With the Alder Lake release right around the corner, Pat Gelsinger is already busy charting Intel’s next course. The Intel CEO has made several statements regarding the company’s direction following the 12th generation processor’s launch. According to Gelsinger, Intel will embark on a journey to outpace one of the most popular technological observations of our time.
Pat Gelsinger may be a lot of things, but shy isn’t one of them. In an interview with CRN, the blue-team leader pulled no punches, proclaiming Intel’s dominance and asserting that Alder Lake & future technologies will mark the end of AMD’s current desktop and mobile market dominance. Earlier this week, he doubled down on his stance by predicting Intel will keep pace with, and even overtake, the rate of advancement described by Moore’s Law.
The Intel CEO’s claim is no small feat to accomplish. Gordon Moore, co-founder of Intel, is credited with creating the Moore’s Law observation, which refers to the doubling of components on an integrated circuit. Moore initially predicted a doubling year over year but later revised his prediction to a doubling every two years. Based on the law and Gelsinger’s statements, Intel will be setting nothing short of a breakneck pace for innovation in the coming years.
A goal that ambitious requires corporate support, massive funding, and advanced access to resources to succeed. Fortunately for Gelsinger, Intel is positioned well to take on such an immense challenge. The introduction of new architectures, development of enhanced ultraviolet lithography techniques, and the ability to control their own fabrication operations give the company an advantage over the competition. Intel’s extremely deep pockets don’t hurt their chances, either.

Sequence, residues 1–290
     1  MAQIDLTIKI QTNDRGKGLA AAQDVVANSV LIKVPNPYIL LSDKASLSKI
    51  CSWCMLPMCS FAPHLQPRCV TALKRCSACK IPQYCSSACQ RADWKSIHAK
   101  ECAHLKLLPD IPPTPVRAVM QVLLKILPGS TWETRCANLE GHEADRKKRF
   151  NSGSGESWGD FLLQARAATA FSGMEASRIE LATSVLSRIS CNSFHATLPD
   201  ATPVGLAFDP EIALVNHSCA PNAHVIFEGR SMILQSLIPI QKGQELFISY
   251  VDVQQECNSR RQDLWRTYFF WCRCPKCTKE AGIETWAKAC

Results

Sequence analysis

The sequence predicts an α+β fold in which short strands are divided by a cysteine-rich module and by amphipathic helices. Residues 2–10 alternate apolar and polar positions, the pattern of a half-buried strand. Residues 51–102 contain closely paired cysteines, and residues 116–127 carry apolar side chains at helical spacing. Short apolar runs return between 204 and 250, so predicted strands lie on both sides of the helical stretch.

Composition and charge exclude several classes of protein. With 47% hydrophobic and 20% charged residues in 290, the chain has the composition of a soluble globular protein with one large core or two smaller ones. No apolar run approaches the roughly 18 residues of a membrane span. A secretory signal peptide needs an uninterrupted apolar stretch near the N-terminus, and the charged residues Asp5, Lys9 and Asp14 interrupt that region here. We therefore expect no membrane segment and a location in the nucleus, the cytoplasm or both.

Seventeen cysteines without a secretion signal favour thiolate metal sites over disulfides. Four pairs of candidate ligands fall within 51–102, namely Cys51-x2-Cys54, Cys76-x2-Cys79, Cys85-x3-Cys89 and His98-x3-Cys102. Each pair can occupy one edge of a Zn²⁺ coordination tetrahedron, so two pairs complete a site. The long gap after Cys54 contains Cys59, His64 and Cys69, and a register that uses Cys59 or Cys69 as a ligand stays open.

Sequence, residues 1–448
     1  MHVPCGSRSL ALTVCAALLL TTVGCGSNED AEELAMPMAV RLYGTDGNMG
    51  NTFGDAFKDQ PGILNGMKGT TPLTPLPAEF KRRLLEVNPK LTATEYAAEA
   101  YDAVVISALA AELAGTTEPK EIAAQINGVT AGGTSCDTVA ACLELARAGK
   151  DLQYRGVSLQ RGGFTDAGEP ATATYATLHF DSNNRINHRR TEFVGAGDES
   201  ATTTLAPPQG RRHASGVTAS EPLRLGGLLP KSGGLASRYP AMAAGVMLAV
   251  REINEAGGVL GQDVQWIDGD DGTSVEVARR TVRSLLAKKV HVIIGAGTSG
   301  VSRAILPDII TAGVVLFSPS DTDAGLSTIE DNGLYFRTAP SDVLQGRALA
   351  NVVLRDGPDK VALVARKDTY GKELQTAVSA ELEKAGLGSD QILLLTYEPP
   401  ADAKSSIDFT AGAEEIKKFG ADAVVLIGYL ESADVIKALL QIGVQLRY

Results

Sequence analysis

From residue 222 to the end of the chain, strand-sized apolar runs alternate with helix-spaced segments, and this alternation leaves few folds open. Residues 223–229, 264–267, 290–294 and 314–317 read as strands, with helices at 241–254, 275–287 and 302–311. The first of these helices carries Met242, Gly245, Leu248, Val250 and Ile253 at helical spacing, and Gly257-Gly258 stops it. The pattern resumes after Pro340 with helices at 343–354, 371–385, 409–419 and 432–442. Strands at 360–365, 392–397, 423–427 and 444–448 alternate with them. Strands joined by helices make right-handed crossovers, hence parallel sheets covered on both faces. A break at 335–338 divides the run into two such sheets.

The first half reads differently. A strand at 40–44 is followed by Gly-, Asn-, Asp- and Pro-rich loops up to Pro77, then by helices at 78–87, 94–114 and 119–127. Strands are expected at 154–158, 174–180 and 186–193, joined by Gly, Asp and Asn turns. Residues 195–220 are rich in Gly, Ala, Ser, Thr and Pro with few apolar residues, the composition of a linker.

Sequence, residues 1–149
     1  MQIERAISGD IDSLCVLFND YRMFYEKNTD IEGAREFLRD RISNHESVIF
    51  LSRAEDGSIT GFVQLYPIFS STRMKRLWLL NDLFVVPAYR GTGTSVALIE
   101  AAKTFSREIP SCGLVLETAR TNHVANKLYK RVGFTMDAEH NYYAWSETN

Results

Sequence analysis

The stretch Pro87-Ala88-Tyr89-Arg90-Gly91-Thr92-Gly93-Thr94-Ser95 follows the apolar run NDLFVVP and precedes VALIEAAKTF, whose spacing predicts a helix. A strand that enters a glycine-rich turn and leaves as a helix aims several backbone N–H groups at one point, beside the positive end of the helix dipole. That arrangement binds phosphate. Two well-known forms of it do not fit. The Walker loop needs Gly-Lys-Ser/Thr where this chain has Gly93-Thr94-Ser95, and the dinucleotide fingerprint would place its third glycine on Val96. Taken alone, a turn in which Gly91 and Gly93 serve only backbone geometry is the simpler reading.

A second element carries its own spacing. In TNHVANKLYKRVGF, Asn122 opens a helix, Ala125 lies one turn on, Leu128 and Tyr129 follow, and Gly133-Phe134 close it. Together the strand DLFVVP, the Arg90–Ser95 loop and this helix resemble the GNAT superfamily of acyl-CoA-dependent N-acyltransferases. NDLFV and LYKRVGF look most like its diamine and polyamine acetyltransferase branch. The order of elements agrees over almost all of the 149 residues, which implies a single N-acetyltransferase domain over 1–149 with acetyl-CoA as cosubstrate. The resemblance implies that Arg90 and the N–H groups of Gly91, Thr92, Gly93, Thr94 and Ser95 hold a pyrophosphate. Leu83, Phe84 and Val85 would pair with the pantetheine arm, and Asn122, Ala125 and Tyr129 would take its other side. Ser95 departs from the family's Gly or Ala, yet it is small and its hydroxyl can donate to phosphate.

Gelsinger said he expects Intel will be “…comfortably ahead of anybody else in the industry” based on their current roadmap and distinct corporate position. While he doesn’t foresee a lack of competition, he does believe the company’s in-house fabrication will provide an advantage over competitors like AMD and Apple, both of which rely on third parties (such as TSMC) for their silicon production.
With Alder Lake right around the corner and an ambitious roadmap, Intel has made it abundantly clear that they’re taking the fight back to AMD and other CPU manufacturers. While it’s too soon to say whether they’ll succeed or fail, one thing is for certain – the company is making strong moves and bold statements to reassert themselves as the go-to in the gaming, workstation, and server computing spaces.